2 Simple Steps for Reducing Waste in the Home

Cutway model of a typical compost bin. (Bruce McAdam)
Have you heard about the "Zero Waste Home?" Well, that's not my house. (Something I'm glad for, since the zero waste home seems a bit obsessive-compulsive to me.) But over the past few years, we've definitely cut down on the amount of trash we send to the landfill. And not only is it not hard - it saves us money.


The first important step to reducing household waste is to compost. It's also a must if you have any type of a garden; compost is expensive to purchase and so easy to make.

I keep a small, attractive container on the kitchen counter and empty it nearly every day. Into this container goes:

* fruit and vegetable scraps
* empty toilet paper and paper towel rolls
* paper towels (don't compost any that have cleaning chemicals on them)
* scratch paper my children have drawn on or that I've made lists on
* waxed paper, including the kind butter is wrapped in
* parchment paper(after reusing it several times)
* coffee grounds and filters
* tea bags (only the kind without staples in them)
* egg shells
* "old maids" (popcorn that didn't pop)

My favorite composter.

In addition, we put the following in our composter:

* grass clippings (unless I use them as garden mulch or give them to the chickens)
* clippings from the garden (unless my hubby chips them and I use them as garden mulch)
* cardboard boxes (unless I use them as garden mulch)
* tissue paper
* wrapping paper
* rotten produce from the fridge (no matter how careful I am, we always end up with some)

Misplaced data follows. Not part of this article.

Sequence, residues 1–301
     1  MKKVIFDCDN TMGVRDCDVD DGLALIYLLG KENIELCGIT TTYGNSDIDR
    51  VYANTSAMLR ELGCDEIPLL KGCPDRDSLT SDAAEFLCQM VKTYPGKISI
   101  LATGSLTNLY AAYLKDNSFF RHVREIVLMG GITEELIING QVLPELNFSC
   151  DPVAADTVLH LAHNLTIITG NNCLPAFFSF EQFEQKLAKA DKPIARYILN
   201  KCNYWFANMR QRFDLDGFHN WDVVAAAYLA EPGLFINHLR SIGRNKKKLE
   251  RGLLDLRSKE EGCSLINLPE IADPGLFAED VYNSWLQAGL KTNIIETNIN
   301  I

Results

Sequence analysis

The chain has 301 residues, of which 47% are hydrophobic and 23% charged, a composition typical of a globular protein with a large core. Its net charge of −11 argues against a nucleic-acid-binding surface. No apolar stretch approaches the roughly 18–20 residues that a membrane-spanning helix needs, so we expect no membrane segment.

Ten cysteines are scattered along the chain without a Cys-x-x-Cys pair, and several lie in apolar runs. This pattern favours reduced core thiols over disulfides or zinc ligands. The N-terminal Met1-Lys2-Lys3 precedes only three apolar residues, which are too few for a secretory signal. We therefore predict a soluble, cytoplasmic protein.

* weeds that haven't gone to seed
* chicken manure (I have one composter just for manure so I can be sure it's well aged before I use it in the garden)

So, you can see this takes care of pretty much all paper products, garden waste, and some of the kitchen waste. (Learn more about what can be composted over at TLC and Compost Instructions.)

To learn more about how to start your own composting pile(s), read my post here. But it really couldn't be easier; simply pile organic material and let it decompose. If you want it to decompose faster, you can be mindful of what you put in and how often you turn the pile. I've also found things compost faster in well ventilated, rotating compost bins made from black plastic - but even just a pile in a corner of your yard will eventually turn to beautiful compost that enriches the earth. I sometimes also use the old fashioned method of trenching: Just dig a hole somewhere in your yard, put compostable material in it, and cover it up.

Kitchen and garden scraps.

The second easy way we've reduced household waste is to have chickens. Yes, pigs have a reputation for being wonderful "garbage" eaters, but really, chickens are just as good and take up a lot less room. A bonus: the more "garbage" you feed them, the less you'll spend in chicken feed. To the chickens go:

* weeds I don't compost
* garden clippings I don't compost or chip (don't give hens tomato plants, though)
* any leftover food that can't be composted, including
  • meat (yes, chicken, too)
  • meat fats and gristle
  • cheese
  • soured milk
  • pasta
  • bread
  • any veggies or fruit scraps I don't compost (avoid onions and fruit peels in quantity because they make eggs taste "off" and avoid potato peelings because they can poison chickens.)
In my experience chickens don't turn their noses up at any food - and many foods you might think they couldn't or wouldn't eat (like sour, curdled milk), they actually adore.

Other Things We Don't Throw Out

* leaves (rake them where you want them, then let them decompose - they are great for the soil; if you prefer, compost them)
* glass jars (save them for storing dried goods or non-food items like pins or nails in)
* certain plastic containers that once held food (also for storing dried goods; don't use jars that didn't contain food)

We rarely recycle - primarily because recycling uses up a lot of fuel and energy. Besides, why send it off somewhere if we can use it somewhere on our "homestead?"

How do you reduce waste in your household? 

This post featured on Homestead Abundance.

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